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Drugs shortage fears lead to panic buying at Australian pharmacies

Published: (Updated: ) in Australian News by .

Patients are being urged to not panic buy drugs amid the coronavirus outbreak, with reports of some people trying to stock up on their medications because of fears about shortages.

Patients are being urged to not panic buy drugs amid the coronavirus outbreak, with reports of some people trying to stock up on their medications because of fears about shortages.

The Pharmacy Guild of Australia (PGA) said there have been numerous reports of consumers trying to stock-up on prescription medicines because of fears the onset of COVID-19 might lead to medicine shortages in Australia.

Wholesalers have also reported higher than usual demand for prescription and over-the-counter medicines.

But PGA bosses said there are no drug shortages because of the virus and stockpiling may have "unintended consequences for Australian patients".

The national president of the Pharmacy Guild, George Tambassis, said patients have no reason to fear supplies of any drugs will be hit.

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He told nine.com.au he had never seen such panic buying before.

"The Pharmacy Guild is not aware of any medicine which is currently unavailable or in short supply in Australia specifically because of COVID-19," Mr Tambassis said.

"Medication shortages and out of stocks have been part of the pharmacy landscape for the last couple of years threatening continuity of supply for patients and requiring numerous brand substitution changes for some patients, but these issues pre-dated and are entirely unrelated to coronavirus.

"Paradoxically, if panic buying does take hold for medicines and other products, shortages may well arise – and we certainly hope this can be avoided."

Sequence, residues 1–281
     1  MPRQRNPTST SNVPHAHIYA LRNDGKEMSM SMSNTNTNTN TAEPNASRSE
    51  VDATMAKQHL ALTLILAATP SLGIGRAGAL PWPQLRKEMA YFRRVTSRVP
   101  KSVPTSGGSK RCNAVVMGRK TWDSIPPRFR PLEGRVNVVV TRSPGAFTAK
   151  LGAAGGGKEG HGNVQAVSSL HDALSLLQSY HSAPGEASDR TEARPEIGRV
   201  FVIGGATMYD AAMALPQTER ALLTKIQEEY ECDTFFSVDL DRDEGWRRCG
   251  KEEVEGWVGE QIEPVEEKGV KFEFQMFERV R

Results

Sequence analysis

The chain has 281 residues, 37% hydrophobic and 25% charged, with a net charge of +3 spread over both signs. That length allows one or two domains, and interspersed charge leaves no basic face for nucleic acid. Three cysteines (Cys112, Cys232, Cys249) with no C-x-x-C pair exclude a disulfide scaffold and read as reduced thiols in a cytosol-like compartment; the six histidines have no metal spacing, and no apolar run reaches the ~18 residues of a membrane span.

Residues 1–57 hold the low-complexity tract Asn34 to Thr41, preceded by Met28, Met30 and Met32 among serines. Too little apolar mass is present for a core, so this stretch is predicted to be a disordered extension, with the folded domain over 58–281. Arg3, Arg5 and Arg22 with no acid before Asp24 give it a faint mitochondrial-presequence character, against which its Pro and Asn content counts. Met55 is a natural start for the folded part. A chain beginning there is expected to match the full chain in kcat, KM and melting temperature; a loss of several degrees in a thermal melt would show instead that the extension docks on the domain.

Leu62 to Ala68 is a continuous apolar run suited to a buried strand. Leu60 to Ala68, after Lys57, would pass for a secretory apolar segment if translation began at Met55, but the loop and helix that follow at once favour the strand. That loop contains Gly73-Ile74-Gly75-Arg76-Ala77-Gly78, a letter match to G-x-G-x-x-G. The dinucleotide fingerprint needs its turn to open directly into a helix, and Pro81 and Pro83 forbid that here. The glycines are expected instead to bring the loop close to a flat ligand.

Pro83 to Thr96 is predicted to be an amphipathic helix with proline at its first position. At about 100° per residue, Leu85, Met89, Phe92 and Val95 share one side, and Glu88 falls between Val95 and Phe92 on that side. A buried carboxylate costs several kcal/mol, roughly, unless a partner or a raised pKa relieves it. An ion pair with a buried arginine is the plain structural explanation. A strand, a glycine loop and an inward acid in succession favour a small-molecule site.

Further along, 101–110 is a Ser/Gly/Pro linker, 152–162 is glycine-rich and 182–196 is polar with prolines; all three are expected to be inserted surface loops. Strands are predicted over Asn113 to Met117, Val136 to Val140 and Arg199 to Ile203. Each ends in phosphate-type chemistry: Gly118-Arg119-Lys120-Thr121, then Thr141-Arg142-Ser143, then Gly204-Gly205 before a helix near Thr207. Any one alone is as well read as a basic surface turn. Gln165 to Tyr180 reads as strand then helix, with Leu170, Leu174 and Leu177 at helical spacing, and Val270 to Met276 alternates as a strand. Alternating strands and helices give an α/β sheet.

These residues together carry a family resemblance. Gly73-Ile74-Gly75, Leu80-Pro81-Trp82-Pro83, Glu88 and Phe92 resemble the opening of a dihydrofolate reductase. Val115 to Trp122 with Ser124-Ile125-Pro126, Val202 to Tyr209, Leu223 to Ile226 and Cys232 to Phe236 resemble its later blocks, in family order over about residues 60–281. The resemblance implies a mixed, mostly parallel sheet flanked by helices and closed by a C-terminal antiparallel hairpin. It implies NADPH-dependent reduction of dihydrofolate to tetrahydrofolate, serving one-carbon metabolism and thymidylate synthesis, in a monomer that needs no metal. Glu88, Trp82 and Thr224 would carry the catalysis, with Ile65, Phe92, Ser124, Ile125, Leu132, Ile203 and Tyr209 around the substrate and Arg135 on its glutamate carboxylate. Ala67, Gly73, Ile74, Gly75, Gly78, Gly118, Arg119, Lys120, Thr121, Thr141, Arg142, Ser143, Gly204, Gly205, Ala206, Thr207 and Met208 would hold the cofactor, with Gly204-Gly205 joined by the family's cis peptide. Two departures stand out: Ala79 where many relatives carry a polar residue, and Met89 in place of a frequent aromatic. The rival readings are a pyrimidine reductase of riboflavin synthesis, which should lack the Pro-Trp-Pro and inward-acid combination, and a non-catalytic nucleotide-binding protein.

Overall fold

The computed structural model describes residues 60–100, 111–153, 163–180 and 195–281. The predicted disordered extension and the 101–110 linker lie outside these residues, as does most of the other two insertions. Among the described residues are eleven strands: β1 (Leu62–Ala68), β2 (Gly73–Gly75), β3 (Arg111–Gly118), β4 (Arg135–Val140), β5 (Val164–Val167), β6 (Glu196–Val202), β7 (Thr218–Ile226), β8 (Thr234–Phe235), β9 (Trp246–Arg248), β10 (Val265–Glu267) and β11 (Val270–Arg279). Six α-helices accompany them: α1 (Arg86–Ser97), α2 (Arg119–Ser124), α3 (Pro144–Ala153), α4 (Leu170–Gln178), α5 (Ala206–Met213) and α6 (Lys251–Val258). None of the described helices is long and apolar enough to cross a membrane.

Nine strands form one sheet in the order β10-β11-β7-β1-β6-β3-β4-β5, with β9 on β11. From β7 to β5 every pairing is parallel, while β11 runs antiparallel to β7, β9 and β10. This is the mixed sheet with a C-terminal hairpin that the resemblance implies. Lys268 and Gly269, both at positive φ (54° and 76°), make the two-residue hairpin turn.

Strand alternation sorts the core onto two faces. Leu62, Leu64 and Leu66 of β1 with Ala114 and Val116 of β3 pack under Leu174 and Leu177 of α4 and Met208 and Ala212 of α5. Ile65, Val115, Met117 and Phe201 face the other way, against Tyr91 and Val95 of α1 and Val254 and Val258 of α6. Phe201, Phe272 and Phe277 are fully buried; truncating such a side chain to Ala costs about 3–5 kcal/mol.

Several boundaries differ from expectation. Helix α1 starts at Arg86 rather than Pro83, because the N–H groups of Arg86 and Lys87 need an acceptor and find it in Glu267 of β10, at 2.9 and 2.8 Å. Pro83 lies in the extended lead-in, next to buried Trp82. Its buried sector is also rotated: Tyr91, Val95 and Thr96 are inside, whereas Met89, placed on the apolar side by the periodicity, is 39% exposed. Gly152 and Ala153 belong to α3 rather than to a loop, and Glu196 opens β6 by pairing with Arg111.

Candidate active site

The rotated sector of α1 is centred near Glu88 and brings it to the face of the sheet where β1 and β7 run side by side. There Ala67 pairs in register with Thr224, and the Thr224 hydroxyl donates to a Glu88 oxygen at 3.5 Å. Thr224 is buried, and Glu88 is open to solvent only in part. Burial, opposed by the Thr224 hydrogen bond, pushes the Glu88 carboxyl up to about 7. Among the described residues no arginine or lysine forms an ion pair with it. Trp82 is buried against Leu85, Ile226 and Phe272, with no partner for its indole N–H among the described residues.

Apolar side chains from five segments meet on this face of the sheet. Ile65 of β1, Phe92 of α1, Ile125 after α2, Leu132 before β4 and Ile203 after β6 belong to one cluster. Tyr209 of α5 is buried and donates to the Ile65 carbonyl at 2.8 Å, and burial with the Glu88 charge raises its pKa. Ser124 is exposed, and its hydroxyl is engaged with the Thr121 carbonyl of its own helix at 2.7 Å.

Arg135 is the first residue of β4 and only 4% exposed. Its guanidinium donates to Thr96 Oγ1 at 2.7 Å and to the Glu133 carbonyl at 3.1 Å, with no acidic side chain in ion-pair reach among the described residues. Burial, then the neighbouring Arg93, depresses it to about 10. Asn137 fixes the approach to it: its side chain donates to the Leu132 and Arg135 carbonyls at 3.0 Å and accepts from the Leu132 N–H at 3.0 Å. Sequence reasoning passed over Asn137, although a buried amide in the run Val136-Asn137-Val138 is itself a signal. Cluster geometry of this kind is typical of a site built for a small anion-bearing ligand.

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Pharmacists are not advised to dispense multiple repeats by the Pharmacy Board of Australia.

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"When not directed by the prescriber, the simultaneous supply of multiple quantities of a particular medicine (i.e. the supply of multiple repeats at once) may be contrary to the Quality Use of Medicines principles outlined in the National Medicines Policy," its guidelines state.

"It does not promote regular review of therapy and effective provision of medicine information by pharmacists, which may assist in minimising medication misadventure. It may also be contrary to state or territory legislation."

Mr Tambassis added Australia has a large supply of over the counter drugs such as Panadol- which has been reported to be a treatment used by hospitals to treat coronavirus patients, sparking a rush on supplies- and people should not be worried.

He said it was up to individual pharmacies if they wanted to impose limits on over the counter drugs, but so far he had not heard of any doing so.

While some drug ingredients do come from China, he other countries such as India also make them and China's outbreak should not affect supplies.

Read more: What are the symptoms of coronavirus?

Source: 9News https://www.9news.com.au/national/drugs-shortage-fears-panic-buying-pharmacies-australia/e7fc730a-0ee3-444f-a3e6-6161a57a67a7

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